It is undisputed that West Bend has been unable to locate the $58,000. Instead, West Bend points to two cases which it claims support its contention that a trust is warranted even where the funds are not specifically identifiable. Both cases are inapposite. In re Preston, 76 B.R. 654, 657 (Bankr. C.D. Ill. 1987), merely stands for the proposition that a court may impose a constructive trust when it is able to "trace" the funds that are the subject of the judgment. In that case, the court specifically identified and traced the ultimate location of the funds on which it imposed a constructive trust. Similarly, in In re Commissioner of Banks and Real Estate, 327 Ill. App. 3d 441, 480, 764 N.E. 2d 66, 100, 261 Ill. Dec. 775, 809 (Ill. App. Ct. 2001), the court held that, "[a]n individual with an interest in a trust fund is accorded priority over the general creditors of the wrongdoer who has commingled the funds so long as the commingled fund remains intact and the individual is able to trace his funds to the commingled fund." Here, West Bend has made no showing that it can trace the funds at issue. Accordingly, the imposition of a constructive trust is not warranted. Jackson, 356 Ill. App. at 334, 826 N.E. 2d at 423.*fn1

C. Forest Company

Both MJG and West Bend raise arguments regarding Forest Company. The facts regarding Forest Company are limited. A bill of transfer dated January 12, 2010 indicates that MJG transferred all of its assets to Forest Company during the pendency of the citation proceeding against MJG. The bill of transfer reflects that Pastucha was both the buyer and the seller in that transaction and that he is the President of both MJG and Forest Company. Pastucha claimed that he did not know what assets MJG had when he transferred it to Forest Company, but that there were likely no accounts receivables. He also asserted that the company had no cash at the time of the transfer.

West Bend requests judgment, imposition of constructive trust, and an order of turnover against Forest Company. In its post-hearing brief, MJG asserts that "[t]he Court has jurisdiction over Forest [Company] and to the extent that Forest Company acquired the assets and liabilities of MJG... the Court can and must enter judgment in the amount of $58,000 against Forest Company as the successor of MJG, as well as Mark Pastucha for having participated in the transfer of assets in violation of the citation's prohibition on transfer." (R. 121, West Bend's Final Memorandum and Argument in Support of a Motion for Turnover and For Other Relief.) In addition, West Bend asserts that, based on testimony that Forest Company owes Mark Gizynski rent, the Court should order Forest Company to pay $12,000 to West Bend. These requests, however, are without legal support and are beyond the scope of the limited issues presented to the Court in West Bend' initial motion. As the Court instructed the parties both prior to and during the hearing on West Bend's motion, the limited issue before the Court is whether the Court may enter a $58,000 judgment against MJG or order it to turnover $58,000 to West Bend. West Bend has issued a citation to discover assets to Forest Company and any actions against Forest Company should be addressed through that separate proceeding.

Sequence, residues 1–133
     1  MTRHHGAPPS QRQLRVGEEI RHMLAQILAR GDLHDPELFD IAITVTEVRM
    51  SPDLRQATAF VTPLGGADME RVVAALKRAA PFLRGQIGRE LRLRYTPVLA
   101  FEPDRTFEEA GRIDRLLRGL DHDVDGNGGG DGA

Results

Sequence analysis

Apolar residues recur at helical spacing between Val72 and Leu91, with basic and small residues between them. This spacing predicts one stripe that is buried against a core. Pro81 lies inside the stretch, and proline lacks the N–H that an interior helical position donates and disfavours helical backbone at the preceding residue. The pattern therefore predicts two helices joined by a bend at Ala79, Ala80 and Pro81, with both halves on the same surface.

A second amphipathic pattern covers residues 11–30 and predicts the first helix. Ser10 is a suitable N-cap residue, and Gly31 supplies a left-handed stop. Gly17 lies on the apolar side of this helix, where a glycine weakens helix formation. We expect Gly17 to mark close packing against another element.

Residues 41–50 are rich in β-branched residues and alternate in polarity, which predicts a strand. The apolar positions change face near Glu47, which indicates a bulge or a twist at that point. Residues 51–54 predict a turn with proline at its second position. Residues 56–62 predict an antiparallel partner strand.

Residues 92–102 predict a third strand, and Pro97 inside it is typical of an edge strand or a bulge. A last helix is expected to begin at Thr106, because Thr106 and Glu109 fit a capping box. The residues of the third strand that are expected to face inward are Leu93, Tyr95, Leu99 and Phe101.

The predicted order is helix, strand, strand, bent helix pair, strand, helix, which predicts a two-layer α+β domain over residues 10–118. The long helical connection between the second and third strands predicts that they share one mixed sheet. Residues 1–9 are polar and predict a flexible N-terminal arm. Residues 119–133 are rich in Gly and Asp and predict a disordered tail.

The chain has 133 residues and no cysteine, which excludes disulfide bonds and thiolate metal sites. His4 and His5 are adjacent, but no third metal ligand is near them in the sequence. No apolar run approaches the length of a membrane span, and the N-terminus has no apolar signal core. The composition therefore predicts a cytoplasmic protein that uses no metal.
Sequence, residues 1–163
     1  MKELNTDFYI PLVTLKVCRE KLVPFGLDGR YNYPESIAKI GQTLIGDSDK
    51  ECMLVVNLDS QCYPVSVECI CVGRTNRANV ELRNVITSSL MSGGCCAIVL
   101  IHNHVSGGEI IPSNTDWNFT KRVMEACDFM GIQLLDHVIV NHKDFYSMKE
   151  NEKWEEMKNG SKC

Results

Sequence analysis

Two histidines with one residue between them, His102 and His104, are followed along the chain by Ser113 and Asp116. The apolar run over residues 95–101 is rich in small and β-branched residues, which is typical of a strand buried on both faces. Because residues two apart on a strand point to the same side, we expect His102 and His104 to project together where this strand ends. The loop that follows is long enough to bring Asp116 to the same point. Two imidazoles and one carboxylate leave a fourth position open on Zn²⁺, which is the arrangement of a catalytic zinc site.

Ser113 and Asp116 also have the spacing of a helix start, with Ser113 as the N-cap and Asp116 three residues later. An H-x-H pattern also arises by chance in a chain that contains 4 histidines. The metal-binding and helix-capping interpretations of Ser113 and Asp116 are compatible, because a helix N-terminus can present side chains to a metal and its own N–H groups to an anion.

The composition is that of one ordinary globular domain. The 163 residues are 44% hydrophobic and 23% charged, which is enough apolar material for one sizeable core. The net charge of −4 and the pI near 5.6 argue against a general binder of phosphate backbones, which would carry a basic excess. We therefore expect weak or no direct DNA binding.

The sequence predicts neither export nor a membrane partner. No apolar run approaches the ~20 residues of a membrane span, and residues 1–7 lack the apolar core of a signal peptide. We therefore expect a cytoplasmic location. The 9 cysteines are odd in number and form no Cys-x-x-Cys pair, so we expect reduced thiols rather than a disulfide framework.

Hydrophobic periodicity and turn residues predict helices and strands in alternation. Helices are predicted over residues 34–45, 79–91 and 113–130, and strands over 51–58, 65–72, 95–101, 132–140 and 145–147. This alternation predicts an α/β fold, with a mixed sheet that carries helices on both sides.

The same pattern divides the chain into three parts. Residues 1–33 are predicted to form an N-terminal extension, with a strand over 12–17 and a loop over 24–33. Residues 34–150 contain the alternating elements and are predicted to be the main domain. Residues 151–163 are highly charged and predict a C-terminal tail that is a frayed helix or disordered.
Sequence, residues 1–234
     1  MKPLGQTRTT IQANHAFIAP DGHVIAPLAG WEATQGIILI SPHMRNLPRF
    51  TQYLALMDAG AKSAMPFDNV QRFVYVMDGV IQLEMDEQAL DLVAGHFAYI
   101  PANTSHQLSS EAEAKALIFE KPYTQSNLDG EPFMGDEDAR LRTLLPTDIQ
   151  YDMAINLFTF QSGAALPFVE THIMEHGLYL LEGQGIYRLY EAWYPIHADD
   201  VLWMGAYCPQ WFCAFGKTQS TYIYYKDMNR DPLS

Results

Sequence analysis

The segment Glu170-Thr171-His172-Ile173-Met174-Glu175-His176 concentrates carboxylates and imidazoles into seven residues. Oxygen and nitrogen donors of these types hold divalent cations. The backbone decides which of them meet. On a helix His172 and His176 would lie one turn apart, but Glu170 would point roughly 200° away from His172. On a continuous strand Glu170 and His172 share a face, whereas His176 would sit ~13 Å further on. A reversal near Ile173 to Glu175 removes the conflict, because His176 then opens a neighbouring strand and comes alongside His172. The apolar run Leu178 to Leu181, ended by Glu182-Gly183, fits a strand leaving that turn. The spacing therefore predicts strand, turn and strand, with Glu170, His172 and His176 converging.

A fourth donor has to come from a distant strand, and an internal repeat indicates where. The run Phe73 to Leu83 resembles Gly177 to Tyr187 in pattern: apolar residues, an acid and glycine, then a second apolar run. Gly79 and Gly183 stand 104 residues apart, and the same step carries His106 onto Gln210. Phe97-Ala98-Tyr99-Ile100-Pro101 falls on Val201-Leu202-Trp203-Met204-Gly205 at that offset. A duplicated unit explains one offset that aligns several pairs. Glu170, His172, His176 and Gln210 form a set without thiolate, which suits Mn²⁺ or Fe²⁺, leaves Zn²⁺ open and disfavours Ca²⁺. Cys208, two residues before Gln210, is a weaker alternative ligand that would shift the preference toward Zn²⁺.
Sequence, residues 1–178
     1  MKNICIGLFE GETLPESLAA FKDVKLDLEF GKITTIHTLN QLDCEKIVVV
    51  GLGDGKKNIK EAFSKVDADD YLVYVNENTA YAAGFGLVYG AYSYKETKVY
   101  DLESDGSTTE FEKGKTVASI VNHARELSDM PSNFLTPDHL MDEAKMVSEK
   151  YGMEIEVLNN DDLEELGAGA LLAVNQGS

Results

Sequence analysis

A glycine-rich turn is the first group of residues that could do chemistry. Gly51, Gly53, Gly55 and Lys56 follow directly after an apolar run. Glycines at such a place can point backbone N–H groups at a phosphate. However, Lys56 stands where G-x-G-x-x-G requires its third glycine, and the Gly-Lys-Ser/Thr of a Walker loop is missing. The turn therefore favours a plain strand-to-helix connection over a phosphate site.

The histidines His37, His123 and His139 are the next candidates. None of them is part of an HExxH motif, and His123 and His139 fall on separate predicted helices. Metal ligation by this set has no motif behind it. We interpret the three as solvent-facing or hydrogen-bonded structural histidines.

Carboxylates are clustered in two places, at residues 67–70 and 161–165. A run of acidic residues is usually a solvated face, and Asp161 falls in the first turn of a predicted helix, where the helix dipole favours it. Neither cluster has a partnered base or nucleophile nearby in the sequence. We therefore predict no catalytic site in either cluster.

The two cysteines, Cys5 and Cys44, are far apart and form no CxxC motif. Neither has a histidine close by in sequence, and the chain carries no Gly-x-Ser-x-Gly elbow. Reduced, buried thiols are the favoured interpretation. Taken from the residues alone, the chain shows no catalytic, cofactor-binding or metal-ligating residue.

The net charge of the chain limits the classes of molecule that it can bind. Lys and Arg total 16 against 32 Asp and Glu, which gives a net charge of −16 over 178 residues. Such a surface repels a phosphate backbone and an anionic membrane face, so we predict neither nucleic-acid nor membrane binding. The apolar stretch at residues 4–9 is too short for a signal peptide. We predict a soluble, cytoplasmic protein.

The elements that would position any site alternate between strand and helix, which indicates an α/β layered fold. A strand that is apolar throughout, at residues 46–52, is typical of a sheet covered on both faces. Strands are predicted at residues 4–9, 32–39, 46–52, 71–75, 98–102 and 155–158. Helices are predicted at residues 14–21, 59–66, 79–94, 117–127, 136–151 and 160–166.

MJG's argument with respect to Forest Company is also without merit. MJG contends that the Court should deny West Bend's motion because MJG has no assets as a result of the transfer to Forest Company. Although Pastucha transferred the assets and liabilities of MJG to Forest Company on January 12, 2010, this transaction does not permit MJG to avoid the effect of the citation. "[W]here a third party has transferred the assets of the corporate debtor for consideration, with full knowledge of the existence of an outstanding claim against the corporation, then the judgment creditor may properly treat the proceeds from the sale of the assets as property of the corporate debtor, which is recoverable pursuant to section 2-1402 of the Code of Civil Procedure (735 ILCS 5/2-1402)." Kennedy v. Four Boys Labor Service, Inc., 279 Ill. App. 3d 361, 367, 664 N.E. 2d 1088, 1091-92, 216 Ill. Dec. 160, 163-64 (Ill. App. Ct. 1996). "To hold otherwise would allow a third party to obtain assets of a judgment debtor and then sell those assets to another third party, thereby precluding recovery." Id. Thus, any proceeds that MJG has from the transaction with respect to Forest Company are subject to the judgment against MJG.

CONCLUSION

For the foregoing reasons, the Court grants West Bend's motion in part and enters judgment against MJG in the amount of $58,000.

AMY J. ST. EVE United States District Court Judge